Torturing the truth out of the character

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Torturing the truth out of the character

I’m always in the market for a new way or an improved way to create characters. I love seeing all these tips this week (and I’m making notes, LOL)

Most of my characters just come to me complete with a story idea. Then I have to put the thumbscrews to them to make them tell me enough about them to know what their real problems and goals are. Let me tell you, these folk have very high pain tolerances. Trust me on that :D

So basically, I’d start with a name and a short physical description. Most of the time, they’d tell me what they do for a living, who their friends are and who their enemies are. But when I’d ask about their goals, dreams or aspirations, they’d get all close mouthed and tell me that the idea for the story was what they wanted. Ooookay.

That brief look at an external conflict just wasn’t making it for me. So I had to get tough, er, tougher. (You have to let them know who’s boss, right?) I started digging but in a round about manner (sometimes being sly works better than being mean--sometimes)

All our good characters have to have some positive quality, something that makes us either admire the hero or wish we were the heroine (or maybe vice versa depending on your gender, lol) But one positive personality quality isn’t quite enough to make a rounded character. And while they might tell me they’re honest, you’d have thought I was asking for their first-born when I wanted to know what other positive personality qualities they might have. Good characters, the kinds we willingly follow for 300-400 pages, have several. I try to go for at least 3 but no more than 5 (more than 5 just seems to put them in the Dudley Do-Right category)

Next, I try to find at least one negative personality trait because none of us are perfect, are we? Here’s the funny part. They always come up with namby pamby negatives like ‘I eat too much chocolate’.

I mean, really, can there be too much chocolate?

Well, okay. If the character is diabetic or trying to lose weight, a fondness for chocolate is a negative. Anyway, I have to keep digging, forcing the answers out of them until I latch onto the negative that personifies that character. Truthfully, one to three negatives is enough for a ‘good’ character, More than three and we start wondering if this character is an antihero or maybe the bad guy. Obviously, we don’t want the reader to mistake our hero for a villain (antiheroes are a whole ‘nother subject) so we don’t want to go overboard on negatives.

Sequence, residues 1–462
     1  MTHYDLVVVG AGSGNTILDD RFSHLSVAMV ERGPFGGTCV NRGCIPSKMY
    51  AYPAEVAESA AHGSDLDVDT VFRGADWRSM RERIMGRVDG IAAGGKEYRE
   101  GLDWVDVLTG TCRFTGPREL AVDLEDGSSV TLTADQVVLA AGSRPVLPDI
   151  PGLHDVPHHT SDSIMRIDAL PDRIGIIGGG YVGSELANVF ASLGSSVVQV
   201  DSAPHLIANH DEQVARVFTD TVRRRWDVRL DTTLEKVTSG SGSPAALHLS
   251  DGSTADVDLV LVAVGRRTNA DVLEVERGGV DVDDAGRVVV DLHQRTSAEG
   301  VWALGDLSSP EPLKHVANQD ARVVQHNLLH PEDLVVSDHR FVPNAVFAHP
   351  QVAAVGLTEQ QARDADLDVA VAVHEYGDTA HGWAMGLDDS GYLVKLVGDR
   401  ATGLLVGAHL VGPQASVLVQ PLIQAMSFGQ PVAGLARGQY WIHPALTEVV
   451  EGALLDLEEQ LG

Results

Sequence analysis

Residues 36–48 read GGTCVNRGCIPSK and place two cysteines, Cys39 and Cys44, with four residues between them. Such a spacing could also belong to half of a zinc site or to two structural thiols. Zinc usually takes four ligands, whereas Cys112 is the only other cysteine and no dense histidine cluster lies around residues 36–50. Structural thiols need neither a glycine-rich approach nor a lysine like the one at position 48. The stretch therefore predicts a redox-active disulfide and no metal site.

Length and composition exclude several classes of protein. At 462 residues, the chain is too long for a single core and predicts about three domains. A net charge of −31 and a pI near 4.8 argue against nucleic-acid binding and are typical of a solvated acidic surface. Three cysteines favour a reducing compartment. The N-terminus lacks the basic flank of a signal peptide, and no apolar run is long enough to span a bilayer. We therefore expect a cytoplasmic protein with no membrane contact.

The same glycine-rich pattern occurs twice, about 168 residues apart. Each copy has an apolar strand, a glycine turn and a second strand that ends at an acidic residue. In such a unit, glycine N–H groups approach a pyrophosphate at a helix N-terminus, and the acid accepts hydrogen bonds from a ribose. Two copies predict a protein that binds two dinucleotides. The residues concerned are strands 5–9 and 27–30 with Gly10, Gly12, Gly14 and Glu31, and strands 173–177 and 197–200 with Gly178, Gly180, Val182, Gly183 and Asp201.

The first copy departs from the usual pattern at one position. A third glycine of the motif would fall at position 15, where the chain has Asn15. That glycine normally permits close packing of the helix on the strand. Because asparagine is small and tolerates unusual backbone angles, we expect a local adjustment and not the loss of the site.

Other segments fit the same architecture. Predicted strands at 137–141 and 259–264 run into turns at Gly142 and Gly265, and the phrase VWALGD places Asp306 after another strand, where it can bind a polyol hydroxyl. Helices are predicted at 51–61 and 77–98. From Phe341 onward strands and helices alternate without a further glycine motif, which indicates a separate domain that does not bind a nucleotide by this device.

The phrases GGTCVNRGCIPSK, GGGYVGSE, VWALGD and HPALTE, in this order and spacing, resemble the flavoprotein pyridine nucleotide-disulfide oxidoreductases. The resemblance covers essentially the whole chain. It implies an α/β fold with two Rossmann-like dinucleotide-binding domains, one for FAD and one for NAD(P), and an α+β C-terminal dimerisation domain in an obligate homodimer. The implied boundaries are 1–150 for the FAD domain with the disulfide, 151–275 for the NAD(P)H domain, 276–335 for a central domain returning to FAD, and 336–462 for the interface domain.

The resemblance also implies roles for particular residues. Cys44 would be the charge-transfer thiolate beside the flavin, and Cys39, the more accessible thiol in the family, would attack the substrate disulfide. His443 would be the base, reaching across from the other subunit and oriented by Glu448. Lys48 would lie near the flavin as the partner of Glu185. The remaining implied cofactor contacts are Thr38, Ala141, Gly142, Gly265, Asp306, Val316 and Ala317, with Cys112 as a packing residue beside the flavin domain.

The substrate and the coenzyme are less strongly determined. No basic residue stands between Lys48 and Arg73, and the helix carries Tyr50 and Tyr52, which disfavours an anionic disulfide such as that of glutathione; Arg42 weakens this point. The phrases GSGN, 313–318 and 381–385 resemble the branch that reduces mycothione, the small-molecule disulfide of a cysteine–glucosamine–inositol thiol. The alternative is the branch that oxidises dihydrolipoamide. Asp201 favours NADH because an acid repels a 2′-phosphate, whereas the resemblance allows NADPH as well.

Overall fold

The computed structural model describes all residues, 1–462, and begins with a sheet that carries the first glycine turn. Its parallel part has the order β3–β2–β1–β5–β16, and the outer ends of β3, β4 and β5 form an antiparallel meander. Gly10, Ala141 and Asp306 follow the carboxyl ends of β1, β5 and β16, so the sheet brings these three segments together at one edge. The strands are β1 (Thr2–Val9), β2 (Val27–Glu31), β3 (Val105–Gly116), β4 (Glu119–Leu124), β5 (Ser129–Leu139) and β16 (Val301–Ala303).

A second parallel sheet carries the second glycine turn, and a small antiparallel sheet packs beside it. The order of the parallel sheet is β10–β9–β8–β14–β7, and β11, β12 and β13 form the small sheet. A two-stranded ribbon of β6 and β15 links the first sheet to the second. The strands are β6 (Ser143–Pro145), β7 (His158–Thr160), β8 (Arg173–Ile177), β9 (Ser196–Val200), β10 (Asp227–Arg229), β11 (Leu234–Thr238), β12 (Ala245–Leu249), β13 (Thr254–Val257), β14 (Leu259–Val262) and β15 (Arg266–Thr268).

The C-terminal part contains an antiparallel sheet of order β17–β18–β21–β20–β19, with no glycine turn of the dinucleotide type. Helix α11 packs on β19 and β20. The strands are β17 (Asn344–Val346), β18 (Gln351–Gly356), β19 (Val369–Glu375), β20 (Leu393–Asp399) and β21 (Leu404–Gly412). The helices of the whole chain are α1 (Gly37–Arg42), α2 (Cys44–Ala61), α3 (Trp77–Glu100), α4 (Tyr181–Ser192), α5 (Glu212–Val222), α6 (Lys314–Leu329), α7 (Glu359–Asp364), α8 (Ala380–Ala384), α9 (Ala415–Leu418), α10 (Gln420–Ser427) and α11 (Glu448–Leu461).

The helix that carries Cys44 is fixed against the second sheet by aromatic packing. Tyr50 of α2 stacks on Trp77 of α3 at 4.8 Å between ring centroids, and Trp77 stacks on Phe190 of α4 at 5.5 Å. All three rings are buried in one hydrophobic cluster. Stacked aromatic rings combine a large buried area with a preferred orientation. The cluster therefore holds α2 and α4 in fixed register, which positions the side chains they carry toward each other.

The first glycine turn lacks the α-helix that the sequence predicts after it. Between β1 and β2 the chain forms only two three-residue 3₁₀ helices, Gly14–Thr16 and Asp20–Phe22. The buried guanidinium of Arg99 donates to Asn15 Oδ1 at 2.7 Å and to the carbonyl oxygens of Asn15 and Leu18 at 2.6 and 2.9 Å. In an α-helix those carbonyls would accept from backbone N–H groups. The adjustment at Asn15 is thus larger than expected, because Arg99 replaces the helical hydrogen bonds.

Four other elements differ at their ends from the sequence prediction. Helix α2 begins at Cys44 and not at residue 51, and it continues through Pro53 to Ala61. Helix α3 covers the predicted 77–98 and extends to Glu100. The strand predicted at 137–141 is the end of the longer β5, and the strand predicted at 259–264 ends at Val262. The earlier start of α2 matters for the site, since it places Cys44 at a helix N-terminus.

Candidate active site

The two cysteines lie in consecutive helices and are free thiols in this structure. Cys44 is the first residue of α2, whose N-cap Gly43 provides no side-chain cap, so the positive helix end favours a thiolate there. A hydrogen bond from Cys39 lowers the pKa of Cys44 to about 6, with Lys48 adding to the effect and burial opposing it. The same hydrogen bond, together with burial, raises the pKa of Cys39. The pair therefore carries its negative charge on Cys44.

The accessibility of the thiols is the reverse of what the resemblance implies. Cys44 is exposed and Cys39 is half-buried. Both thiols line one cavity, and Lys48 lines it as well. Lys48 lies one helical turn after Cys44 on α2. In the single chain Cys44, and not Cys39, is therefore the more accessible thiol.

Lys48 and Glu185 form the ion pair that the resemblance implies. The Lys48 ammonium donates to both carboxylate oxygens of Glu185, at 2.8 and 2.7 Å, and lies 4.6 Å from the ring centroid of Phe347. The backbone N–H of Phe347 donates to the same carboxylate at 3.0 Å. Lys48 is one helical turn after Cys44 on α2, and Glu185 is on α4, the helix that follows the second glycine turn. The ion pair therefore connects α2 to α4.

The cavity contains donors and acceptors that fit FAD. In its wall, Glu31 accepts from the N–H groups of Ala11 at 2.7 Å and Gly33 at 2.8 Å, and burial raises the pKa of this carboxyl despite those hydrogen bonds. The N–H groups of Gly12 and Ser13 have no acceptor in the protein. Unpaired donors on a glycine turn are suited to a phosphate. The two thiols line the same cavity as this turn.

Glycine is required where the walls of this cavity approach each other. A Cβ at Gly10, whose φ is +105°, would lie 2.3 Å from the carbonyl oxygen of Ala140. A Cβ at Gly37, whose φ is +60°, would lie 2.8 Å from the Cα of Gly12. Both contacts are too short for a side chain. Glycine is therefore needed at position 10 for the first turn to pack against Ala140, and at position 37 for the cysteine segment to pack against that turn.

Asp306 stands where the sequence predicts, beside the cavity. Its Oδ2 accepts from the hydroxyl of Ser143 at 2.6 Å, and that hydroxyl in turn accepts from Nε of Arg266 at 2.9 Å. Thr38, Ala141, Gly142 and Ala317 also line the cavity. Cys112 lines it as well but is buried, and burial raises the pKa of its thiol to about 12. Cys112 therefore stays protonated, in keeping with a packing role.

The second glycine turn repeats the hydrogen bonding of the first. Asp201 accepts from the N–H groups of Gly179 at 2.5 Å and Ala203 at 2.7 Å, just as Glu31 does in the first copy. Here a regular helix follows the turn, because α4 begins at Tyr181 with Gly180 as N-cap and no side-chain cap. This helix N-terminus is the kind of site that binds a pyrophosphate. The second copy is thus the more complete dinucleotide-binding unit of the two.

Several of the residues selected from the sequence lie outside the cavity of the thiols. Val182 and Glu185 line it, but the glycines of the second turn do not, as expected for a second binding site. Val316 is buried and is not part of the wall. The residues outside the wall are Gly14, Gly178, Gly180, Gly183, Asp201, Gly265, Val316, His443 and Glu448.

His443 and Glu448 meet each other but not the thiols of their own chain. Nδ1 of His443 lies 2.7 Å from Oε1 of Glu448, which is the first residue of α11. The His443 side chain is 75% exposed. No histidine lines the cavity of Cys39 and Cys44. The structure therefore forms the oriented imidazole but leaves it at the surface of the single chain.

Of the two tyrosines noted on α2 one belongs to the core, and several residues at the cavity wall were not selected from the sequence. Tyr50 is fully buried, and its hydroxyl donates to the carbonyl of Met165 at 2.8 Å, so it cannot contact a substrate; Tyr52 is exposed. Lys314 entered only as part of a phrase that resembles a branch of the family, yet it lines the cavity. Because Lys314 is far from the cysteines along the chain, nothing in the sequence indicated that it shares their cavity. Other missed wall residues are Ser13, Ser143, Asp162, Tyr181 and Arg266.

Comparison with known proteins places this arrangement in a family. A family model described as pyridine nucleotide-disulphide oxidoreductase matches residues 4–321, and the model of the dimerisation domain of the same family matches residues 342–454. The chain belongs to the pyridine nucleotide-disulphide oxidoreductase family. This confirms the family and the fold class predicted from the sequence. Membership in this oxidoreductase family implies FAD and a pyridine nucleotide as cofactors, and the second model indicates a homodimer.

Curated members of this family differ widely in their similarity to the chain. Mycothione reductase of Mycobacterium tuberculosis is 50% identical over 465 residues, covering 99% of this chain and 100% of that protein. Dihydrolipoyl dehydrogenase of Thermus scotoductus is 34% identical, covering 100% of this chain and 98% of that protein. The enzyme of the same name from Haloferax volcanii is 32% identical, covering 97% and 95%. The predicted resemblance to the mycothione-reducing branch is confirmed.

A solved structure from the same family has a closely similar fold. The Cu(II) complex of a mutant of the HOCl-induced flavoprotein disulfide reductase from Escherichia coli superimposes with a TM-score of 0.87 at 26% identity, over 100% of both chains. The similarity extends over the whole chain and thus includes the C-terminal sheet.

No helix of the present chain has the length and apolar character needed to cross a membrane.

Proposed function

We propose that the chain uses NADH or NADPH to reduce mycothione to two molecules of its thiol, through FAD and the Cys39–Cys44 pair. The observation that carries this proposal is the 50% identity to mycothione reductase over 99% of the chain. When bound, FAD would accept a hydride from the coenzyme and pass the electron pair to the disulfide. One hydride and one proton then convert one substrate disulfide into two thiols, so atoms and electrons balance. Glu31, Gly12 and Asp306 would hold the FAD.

The main thing we as writers have to remember is too enlarge those positive personal qualities, those things that make our heroes and heroines larger than life. They’re not just brave, they’re courageous. They’re not just honest, they’re the Abe Lincoln of honesty. Before you start worrying about Dudley Do-Rightism, don’t forget we’re tempering those positive qualities with the few negative ones. That makes them human and far more interesting to us.

After I’ve got a handle on their appearance and personality, and knowing what the kernel story idea is, I’ve got a good starting place. I usually begin to write the story here (I think I mentioned that I’m a pantser) but sometimes I find that I need a bit more.

Generally, I’ll start with a brief paragraph about them in their current, normal life. That’s easy because it’s pretty much superficial and going to change as soon as the story starts. I realize I need to know more about them so I begin a biography. It’s generally sketchy at first and I’ll add to it as I go along, pulling the information from the characters (I’ve found toothpicks under their fingernails is very helpful when they’re being recalcitrant). When I have enough of their biography done, I can see how they’ll act or react to the different stimuli of the story. And, even if they haven’t told me in words, I’ve got a handle on what their inner wants or goals might be, what their deepest fears (besides me LOL) are, and how those wants or fears will impact the story and the other characters they meet.

I do this for my protagonists (both the hero and the heroine since I write romance) and the villain. The only real difference is the villain gets a few less positive qualities (he or she has to have at least one to keep from being cast as the Evil Overlord type bad guy and to build just a little reader empathy) and maybe a few more negative qualities than the heroic pair who are my protagonists. The good guys and the bad guys are a balancing act after all...but that’s a subject for another day :D

Hope this helps explain some of my techniques for building characters.

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2 Responses to "Torturing the truth out of the character"

Skylar Masey said...

This is a great idea Lynda! I never thought of doing a biography of my characters...especially the villains! I tend to overlook them as not being as important, but they really are. I guess it's because I don't have a lot of actual baddies, just opposing forces. :0)

Lynda K. Scott said...

Yep, villains are just as important as heroes. Think about it...if the villain is weak or incompetent or simply excels in slavering threats, how much of a threat is he? Our heroes would look like bullies if they went after him (and the results would be a foregone conclusion).

Opposing forces is a bit different, obviously, but care still has to be taken to make them 'good' enough to go up against our protags.

I love talking about characters! LOL